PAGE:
It seems unfair to stuff a week in London into one post, but most of my time (this past April) was spent at the National Archives, the British Library and a few other research sites, so I only spent a day exploring. I had also spent a week in London in 2004 and (unsurprisingly) the city was unchanged.
For the purpose of this post we will go through the city in a circle, and technically we are not in London at all. We are in Westminster, a suburb of the ancient city, but the government buildings and palaces are there, so we all conveniently call the area London, by default. Here is your humble correspondent at Buckingham Palace – official residence of the Queen.
I happened to be there the week of an international conference, the Commonwealth Heads of Government Meeting, in which prime ministers from current and former British colonies came to chat and pose for photos. Here is the view of The Mall, which is the street leading from Buckingham Palace to the National Art Gallery, and beyond. I assume the placement of the flags was based on population, with those of Britain, Canada and Australia closest to the Palace, behind me in the photo
and the flags of Saint Kitts and Nevis, and Saint Vincent and the Grenadines (on the left) and Brunei and Antigua (on the right) farthest from the palace, which stands in the distance. You may notice there is no car traffic, because they street is usually closed on Sundays.
Going farther up The Mall is Trafalgar Square, home to the National Gallery of Art, but I am remiss to explain why I did not take a photo of the gallery. Instead, I took one of the Canadian Embassy. Its official name is High Commission of Canada in the United Kingdom, which is not nearly as impressive as the building itself.
Turning back from The Mall we go down Whitehall, leading to the government buildings. Halfway between Trafalgar Square and the houses of Parliament is something called Horse Guards Parade, the place where men in jovial uniforms and shimmering helmets ride in on horseback, to the delight of tourists. This is the parade area. For the purpose of the photo, this was taken on a side street, with Whitehall on the other side of the buildings.
Farther down Whitehall is the Palace of Westminster, where Parliament meets, and (again) the space is so confined I had to take a photo from across the Thames River to get the full effect. The famous clock tower called Big Ben is under renovation, and obscured by scaffolding. On the left of the large tower with the flag, in the distance behind the trees, are the towers of Westminster Abbey.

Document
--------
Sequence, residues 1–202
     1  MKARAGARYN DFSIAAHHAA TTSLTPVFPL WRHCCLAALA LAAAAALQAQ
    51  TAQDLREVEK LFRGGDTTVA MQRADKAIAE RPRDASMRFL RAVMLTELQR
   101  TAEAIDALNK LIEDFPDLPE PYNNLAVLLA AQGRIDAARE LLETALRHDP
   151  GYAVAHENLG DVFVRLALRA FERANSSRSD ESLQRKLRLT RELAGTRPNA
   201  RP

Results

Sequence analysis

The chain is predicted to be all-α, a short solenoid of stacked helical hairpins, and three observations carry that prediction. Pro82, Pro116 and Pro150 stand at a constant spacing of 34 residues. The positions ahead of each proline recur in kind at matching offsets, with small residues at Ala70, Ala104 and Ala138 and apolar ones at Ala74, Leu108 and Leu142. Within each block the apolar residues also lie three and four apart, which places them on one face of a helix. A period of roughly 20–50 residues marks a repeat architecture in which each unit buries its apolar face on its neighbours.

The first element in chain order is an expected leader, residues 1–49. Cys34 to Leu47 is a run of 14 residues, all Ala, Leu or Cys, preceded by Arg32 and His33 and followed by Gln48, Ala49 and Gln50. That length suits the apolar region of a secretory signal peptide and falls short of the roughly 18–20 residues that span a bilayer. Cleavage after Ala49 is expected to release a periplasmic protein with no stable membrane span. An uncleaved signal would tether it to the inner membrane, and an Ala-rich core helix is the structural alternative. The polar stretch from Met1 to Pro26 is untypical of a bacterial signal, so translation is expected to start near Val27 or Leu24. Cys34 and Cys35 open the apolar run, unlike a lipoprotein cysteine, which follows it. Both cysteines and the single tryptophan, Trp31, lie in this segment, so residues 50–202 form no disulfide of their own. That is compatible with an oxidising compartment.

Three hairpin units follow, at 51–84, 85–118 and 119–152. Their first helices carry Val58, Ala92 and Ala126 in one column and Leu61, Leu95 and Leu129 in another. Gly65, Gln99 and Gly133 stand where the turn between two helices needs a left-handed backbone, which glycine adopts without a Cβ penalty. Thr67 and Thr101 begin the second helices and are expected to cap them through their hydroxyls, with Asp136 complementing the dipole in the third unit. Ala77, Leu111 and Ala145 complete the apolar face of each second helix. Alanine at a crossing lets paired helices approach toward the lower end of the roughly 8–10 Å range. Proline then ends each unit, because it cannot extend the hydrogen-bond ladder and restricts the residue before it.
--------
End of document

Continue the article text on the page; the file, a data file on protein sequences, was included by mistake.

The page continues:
Now imagine you are in the same place I was when I took the photo: the southern bank of the Thames River. We will proverbially turn around to the sight of Lambeth Palace, home to the Archbishop of Canterbury, the highest ranking clergyman in the Church of England (a.k.a. the Anglican Church). This is the side of the palace that runs along the river. The modest black door leads to a courtyard behind the wall, then goes to the palace archives, where I did some research for a book. It was in this archive that I found a letter written in 1762 which warned that the American colonies might someday want independence. It happened fourteen years later, of course.
To the right of the photo above is the brick guardhouse, built about 1495, and here is the same guardhouse from the front. I had mistakenly thought this was the entrance to Lambeth Palace itself, because it looks so old. Alas, it is not. Beside it on the right is a former church called Saint-Mary-at-Lambeth, now turned into a museum of gardening.
Now we will cross over the Thames River again and go on to a better known religious site, Westminster Abbey. It is across the street from the Palace of Westminster – where Parliament meets, remember? – and it is also in a rather confined space, so I had a devil of a time (pun intended) finding the right spot to get a photo of the whole building.
It is here that many in the royal family are buried – Queen Elizabeth I, Henry V, Mary, Queen of Scots, and others, along with some bishops and nobility from hundreds of years ago. It is beautiful and dark and spooky inside, but one thing that struck me about the site is this: the British charge twenty pounds (each) for tourists to enter Westminster Abbey and Saint Paul’s Cathedral, a mile or so away, while the French charge nothing for tourists to enter the equally famous Notre-Dame, and other medieval churches in Paris.